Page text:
Comedian Njambi McGrath (pronounced Jambi McGrah) is thinking about writing a non-humorous book. Given that most of the UK publishing industry is currently running scared of anything not written by or about a famous TV name, I suggested she might make her idea into a comedy show at this year’s Edinburgh Fringe because that would encourage her to do the necessary additional research for the book and also potentially give the idea some publicity which might impress publishers.
As any regular reader of this blog knows, I have a particular bee in my bonnet about the fact that the best comedies are often about tragic situations.
“It was finding out about your parents which got you interested, wasn’t it?” I asked Njambi yesterday, while she was preparing for her weekly Heavenly Comedy Club in London’s Shepherd’s Bush. “You thought they were boring and had never done anything very interesting.”
“Yes,” said Njambi. “I always wondered why my parents were so poor as children. I was not brought up poor in Kenya, but my parents had been poor to a degree I could not understand. And I didn’t understand why my parents never talked about their childhood.
“Then I found out my mum was 8 years old when they moved her to this camp in the mid-1950s. Her sisters were 13 and 14 and were considered grown-ups, so they were included in all the women who were going to dig the trenches.
“They would wake up at six o’clock in the morning and spend all day digging trenches. They were given no money and no food. So basically they relied on handouts. They were given flour by the Red Cross and made porridge.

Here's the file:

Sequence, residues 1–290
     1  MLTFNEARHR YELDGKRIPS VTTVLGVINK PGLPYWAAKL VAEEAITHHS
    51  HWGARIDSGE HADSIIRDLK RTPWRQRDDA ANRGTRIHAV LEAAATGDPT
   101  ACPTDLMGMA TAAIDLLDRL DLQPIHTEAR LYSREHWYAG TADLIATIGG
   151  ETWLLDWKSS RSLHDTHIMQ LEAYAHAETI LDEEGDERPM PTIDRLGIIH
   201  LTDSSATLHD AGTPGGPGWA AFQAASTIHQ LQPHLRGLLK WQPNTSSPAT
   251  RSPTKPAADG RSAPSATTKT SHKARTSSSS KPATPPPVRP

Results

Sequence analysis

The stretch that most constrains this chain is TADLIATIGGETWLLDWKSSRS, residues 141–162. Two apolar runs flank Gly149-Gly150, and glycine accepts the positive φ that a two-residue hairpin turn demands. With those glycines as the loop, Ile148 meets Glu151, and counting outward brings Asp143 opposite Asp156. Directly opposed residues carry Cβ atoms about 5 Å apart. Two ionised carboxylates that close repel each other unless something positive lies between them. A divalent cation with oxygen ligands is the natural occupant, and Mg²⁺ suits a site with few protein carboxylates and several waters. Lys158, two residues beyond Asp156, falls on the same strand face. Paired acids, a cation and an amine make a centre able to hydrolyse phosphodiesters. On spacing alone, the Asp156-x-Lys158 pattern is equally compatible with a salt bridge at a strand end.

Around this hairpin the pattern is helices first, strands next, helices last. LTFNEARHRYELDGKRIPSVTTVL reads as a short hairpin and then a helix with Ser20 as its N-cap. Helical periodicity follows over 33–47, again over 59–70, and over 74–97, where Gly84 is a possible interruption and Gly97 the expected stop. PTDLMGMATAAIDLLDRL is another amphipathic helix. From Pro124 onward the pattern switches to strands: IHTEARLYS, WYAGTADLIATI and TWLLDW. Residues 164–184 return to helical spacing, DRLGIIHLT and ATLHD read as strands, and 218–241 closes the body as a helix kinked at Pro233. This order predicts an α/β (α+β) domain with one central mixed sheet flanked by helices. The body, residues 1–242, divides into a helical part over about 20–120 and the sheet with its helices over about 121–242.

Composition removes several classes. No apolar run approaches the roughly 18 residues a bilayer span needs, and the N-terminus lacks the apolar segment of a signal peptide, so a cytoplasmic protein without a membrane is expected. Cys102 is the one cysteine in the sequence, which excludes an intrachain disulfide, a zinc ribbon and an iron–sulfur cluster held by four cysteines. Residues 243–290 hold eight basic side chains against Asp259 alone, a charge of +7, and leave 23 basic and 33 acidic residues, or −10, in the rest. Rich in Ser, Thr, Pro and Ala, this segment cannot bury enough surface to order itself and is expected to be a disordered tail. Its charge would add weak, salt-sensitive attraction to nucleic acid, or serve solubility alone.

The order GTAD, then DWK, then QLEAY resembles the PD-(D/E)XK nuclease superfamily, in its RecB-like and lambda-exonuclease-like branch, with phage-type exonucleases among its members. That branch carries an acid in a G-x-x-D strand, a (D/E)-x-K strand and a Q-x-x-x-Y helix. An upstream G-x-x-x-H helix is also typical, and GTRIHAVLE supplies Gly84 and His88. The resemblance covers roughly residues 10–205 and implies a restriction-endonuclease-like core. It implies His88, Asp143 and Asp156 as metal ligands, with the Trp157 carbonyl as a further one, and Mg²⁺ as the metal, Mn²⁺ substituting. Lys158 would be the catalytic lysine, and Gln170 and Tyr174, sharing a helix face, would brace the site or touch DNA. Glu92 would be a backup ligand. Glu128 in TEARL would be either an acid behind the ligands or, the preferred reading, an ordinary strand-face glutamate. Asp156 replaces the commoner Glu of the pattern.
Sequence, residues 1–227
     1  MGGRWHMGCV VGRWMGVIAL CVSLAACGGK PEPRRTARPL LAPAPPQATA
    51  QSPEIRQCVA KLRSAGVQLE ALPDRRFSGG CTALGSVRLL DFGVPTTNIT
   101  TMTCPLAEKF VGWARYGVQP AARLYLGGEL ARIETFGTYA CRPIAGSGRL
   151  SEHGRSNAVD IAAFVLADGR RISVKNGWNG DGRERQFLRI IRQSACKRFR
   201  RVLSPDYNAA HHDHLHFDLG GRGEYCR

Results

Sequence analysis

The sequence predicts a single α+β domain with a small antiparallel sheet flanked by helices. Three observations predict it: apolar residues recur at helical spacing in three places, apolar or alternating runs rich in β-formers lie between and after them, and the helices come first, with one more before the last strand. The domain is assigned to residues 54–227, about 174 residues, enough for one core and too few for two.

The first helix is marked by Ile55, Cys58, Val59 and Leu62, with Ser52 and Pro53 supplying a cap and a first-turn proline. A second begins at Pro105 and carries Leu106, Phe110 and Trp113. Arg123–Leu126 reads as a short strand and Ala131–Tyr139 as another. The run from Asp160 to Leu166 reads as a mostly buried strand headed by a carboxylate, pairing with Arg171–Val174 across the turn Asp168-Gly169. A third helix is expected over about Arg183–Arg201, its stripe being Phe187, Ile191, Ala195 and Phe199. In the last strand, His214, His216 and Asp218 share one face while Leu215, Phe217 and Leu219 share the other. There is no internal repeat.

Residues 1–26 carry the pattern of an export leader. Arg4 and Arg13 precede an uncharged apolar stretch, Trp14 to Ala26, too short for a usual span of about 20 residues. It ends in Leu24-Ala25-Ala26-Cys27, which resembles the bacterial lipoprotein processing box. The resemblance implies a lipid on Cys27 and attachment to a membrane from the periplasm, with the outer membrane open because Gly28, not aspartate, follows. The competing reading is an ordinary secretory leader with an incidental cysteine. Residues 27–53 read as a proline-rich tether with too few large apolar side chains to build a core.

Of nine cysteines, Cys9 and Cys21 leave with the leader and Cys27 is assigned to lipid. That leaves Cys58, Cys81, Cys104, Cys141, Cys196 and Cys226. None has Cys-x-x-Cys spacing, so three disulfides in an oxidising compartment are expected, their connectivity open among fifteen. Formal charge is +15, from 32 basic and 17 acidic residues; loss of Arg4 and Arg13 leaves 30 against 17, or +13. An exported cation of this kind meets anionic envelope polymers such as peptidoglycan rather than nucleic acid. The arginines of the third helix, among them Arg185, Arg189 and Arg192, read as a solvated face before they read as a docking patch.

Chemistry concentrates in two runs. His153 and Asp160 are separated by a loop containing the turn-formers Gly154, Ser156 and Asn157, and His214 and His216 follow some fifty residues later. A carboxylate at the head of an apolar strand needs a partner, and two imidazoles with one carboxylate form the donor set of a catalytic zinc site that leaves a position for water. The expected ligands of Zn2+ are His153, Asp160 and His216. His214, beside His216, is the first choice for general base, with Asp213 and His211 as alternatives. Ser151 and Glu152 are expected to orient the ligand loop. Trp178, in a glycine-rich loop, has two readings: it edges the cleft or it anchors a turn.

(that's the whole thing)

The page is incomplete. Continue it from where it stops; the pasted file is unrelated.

“What the British would do was turn up at a village and burn it down and then the villagers would be herded onto lorries and taken to a patch of ground and they would sleep under the sky until they built their own houses and then they lived in these ‘special’ villages which had trenches round them to ‘protect’ them from the Mau Mau.
“They would start by building one person’s house and all sleep there and then they would build another house and do the same until they had built the whole village.
“The people in these ‘special’ villages were mostly women, because the men were taken to detention camps. The British assumed all the Kikuyu men were Mau Mau. The women had to dig trenches to surround the new villages and surround them with barbed wire and, when they finished that, they would work all day clearing the forests so the Mau Mau couldn’t hide there.”
“And the Mau Mau were…?” I asked.
“The Kikuyu tribe,” explained Njambi, “were basically farmers and we lived in the most fertile land in Kenya with bright red soils, so the British moved us away from there and put us into special reserves and taxed us – hut tax and poll tax – but we had no money. The Kikuyu used to make money from their land but they no longer had that, so they were forced to work for the white settlers, the majority of whom had come from South Africa and were very right wing.
“The conditions imposed on the Africans were that they had to pay these taxes and wear a big ID hanging round the neck – basically like a bull. They used to call it a ‘bull bell’.
“People were very disgruntled and the Mau Mau were men like Jomo Kenyatta (later President of Kenya) who went to the British and said We’re not happy with our rights. We want land rights. They weren’t taken seriously, so a branch of them decided it was going to have to be armed resistance rather than talking.
“They were based in the forests and their tactics were to go and either kill a settler or to kill a sympathiser of the settlers, because the British had chiefs who were Africans and they were as cruel if not worse. So the Mau Mau would kill people and caused a lot of terror because nobody knew where they were. They were all Kikuyu men or the vast majority were.”